A Faraway Look

Daydreaming is amazingly useful. No matter what teachers and bosses and impatient parents may have said over the years (never to me, of course, wink-wink), that pleasant fugue state of seemingly purposeless internal wandering is where a great deal of terrific, very purposeful invention and problem-solving happens. It takes us to inner regions where we are unencumbered by rules, editing, and logic, and can let the what-ifs of experiment and hope play together until, sometimes, they produce brilliant results that endless hours and years of study and labor might never have fostered. How can we expect to engender anything grand if we don’t aim for the seemingly impossible?Photo: Faraway

Consistent study and labor are, of course, quite necessary if we are to be able to even conceive of what exists and how we intend to alter it; to begin with no facts, no tools, no notions of probability or potential will inevitably leave us puzzling fruitlessly for ages before we ever approach a fantastic and outlandish idea, let alone a useful one. But once the seeds have been sown, we can’t assume that there would be no purpose in additional time and imagination spent on divining what to do when they begin to grow as well. The dreamers of the world have nurtured at least as much meaningful and helpful stuff as the mere scientists and scholars and brawny-brained geniuses have done, but with less hoopla, and it seems to me that we should be wary of working too hard to bring fantasists down to earth too soon.Photo: Fruition

Assume, when you see me in an apparently abstracted slide toward the comatose, that I am in fact inwardly journeying toward a dazzling insight or earthshaking invention or two, and leave me in peace. I shall emerge, in due time, bearing the harvest of this grand exploratory trip. Or at least I’ll have had a refreshing nap. I’ll happily leave it to you to determine the value of the difference, if any, between the two eventualities.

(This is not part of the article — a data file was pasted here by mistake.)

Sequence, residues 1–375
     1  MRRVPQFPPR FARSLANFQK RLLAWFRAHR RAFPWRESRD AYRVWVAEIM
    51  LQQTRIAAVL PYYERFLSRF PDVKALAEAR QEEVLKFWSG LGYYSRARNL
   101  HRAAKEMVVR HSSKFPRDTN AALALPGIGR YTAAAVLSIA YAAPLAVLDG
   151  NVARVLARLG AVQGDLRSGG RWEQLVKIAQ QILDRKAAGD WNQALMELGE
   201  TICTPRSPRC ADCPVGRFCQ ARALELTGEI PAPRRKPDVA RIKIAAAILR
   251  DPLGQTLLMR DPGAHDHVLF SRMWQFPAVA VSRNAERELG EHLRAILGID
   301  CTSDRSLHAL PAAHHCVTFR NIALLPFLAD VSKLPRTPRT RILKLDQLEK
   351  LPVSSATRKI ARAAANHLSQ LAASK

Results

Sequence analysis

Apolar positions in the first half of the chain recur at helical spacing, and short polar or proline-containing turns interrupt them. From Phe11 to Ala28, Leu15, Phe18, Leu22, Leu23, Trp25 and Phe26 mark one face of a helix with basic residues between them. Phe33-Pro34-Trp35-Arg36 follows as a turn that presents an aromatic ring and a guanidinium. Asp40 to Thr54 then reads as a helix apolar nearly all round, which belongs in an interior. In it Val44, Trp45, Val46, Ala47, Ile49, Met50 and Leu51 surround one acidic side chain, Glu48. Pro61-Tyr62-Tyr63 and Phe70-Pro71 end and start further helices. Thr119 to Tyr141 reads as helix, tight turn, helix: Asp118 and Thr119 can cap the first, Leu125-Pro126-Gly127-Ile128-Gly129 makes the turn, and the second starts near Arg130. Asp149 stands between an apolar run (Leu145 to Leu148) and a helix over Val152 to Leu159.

Hot Flash Fiction 7: The Scientists’ Children

It was pretty rare and indeed a little suspect back in those days that both husband and wife were scientists. That the Cruikshanks, odd ducks each one, also both taught the Modern Sciences at the local normal school only opened them to further scrutiny and whispering. So when Rupert’s distant aunt died and left him her desolate hardscrabble farm and its rickety frame house at the dead end of the worst road in a dry, mean county, husband and wife packed up their trunks, borosilicate retorts and all, and moved right out to that far frontier, disappearing as though in a puff of salty dust. It was only some years later, when they began to appear in search of provisions at the nearest town’s dry goods emporium with their two remarkable young children in tow, that folk in that region began to guess that perhaps the inexplicable strangeness of the Cruikshank life was not lessened, let alone ended, by any means.digital collage

Beware the Obsessive Joys of Scientific Exploration

And don’t ‘Do too much science‘! When it takes hold of you, there may be no escape . . .

digital illustration from an ink & graphite drawing

New Species, Same Old Story

Professor Bob Sponk and his lovely wife Myrtle

discovered a rare omnivorous turtle

and off to the swamp in the jungle’s dim inner-

most sanctum they tracked her, observing her dinner-

time habits, behaviors and preferences; then,

Bob sneezed.

It turns out she eats women and men.digital illustration from an ink & graphite drawing